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Victoria and Albert Museum

Updated on June 19, 2013

A Visit to the V&A

The Victoria and Albert Museum in London is one of the largest and greatest stores of art and culture in the world. Founded in 1852, it sprawls over a nearly thirteen-acre area and contains one of the most comprehensive collections of ceramics, medieval art, and fabric works in the world. Western, Asian, and Islamic holdings represent nearly five thousand years of art and culture from around the world, and only in Italy can a more complete collection of Italian Renaissance works be found. If the purpose is to be a “museum’s museum”, one could say that this goal has been met and exceeded. The exhibits have such an incredible range; with a permanent collection including over 4.5 million objects, there is truly something for every taste and interest inside the V&A’s walls.

Victoria and Albert Museum

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Impressive, no?The Victoria and Albert Museum groundsPrince Albert guards the MuseumV&A at night
Impressive, no?
Impressive, no? | Source
The Victoria and Albert Museum grounds
The Victoria and Albert Museum grounds | Source
Prince Albert guards the Museum
Prince Albert guards the Museum | Source
V&A at night
V&A at night | Source

Connection to British Popular Culture

The Victoria and Albert Museum’s connection to British popular culture is a many-headed creature(perhaps in contrast to something as simple, yet enigmatic, as Stonehenge): It not only contains some of the best representations of art, sculpture, design, and beauty from around the world, it also displays some of the most important distinctly British works. Many of the most important examples reside in the aptly named British Galleries; the catalogue includes time-honored pieces by Blake, Leslie, and Mulready, to name only a few. Despite the size of the museum as a whole, the frequently displayed maps and helpful visitor center are amply able to guide even the most internal compass deprived to their intended destinations. Most exhibits were well labeled with informative placards, and because the exhibits were well organized, primarily by period, it was easier than one might expect to find even specific pieces (although I never did see any of William Blake’s work, which was the main thing I was interested in. This is the danger of travelling in a group; certain concessions must be made.)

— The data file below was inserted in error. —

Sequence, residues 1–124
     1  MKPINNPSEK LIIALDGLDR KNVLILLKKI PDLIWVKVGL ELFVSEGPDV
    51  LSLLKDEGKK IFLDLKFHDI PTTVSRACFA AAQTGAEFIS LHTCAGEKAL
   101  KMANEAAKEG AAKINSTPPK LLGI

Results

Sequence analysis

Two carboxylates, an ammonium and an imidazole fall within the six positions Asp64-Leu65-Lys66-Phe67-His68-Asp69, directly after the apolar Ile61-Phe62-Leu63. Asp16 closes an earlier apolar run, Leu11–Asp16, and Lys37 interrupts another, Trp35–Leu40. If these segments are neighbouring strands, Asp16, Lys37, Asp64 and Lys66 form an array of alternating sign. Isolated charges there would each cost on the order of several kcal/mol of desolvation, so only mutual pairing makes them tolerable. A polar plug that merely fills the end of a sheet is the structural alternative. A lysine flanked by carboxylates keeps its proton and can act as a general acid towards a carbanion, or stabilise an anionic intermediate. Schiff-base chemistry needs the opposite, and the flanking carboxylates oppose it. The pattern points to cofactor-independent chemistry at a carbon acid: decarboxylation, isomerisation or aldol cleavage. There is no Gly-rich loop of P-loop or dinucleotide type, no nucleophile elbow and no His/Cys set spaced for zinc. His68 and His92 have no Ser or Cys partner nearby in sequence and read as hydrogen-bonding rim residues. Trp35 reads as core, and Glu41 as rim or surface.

From my personal perspective, the medieval exhibits are the most intriguing, and hold the strongest connection to what it means to be British. Actually, I would imagine that plenty of people imagine King Arthur, or at least Monty Python and the Holy Grail. Of course, a great deal of what is displayed is actually from around Europe, and a good bit of the most prominently displayed pieces are, in fact, Japanese, it still makes me think of England when I imagine dirty men who prefer to dine with their hands on unfinished wooden tables (almost always round) arming themselves to the teeth to do bloody, glorious battle from horseback in the shadow of a blackened castle wall, as arrows rain down from parapets.


In the interest extracting the most out of a given experience, I often like to ask myself , "What would I do differently or change about this place?". I would find it hard to really suggest any changes in a place like the V&A. What does one change about a gigantic, comprehensive, vault of art, history and knowledge in a world-class, metropolitan city? Maybe they could add more bathrooms? Perhaps in this case I would prefer to enjoy the place for what it is. London wouldn't be the same without it; that much is for certain. If you are planning a trip there, please adjust your itinerary accordingly.

In regard to my expectations, I suppose I was imagining something along the lines of the Philadelphia Museum of Art. The Victoria and Albert Museum, as it turns out, is to the PMA as Mack Trucks are to SmartCars. They do have some analogous exhibits, to be sure, but the sheer volume, in addition to the incredible architecture and history of the structure itself really put the V&A in a different class, in my humble opinion. The scale of the place truly awed me. I was also mildly shocked at the somewhat relaxed attitude of security in the museum. In Philadelphia, people with wires in their ears constantly trail along behind you; at the V&A I felt a little less like a thief and more like an art aficionado as a result. I’m actually neither of these things, but it’s an arena in which one finds it easy to be polarized to one particular end of the spectrum when one is followed, watched and measured. I have no doubt that the staff at the V&A was watching; I just didn’t feel like I was.


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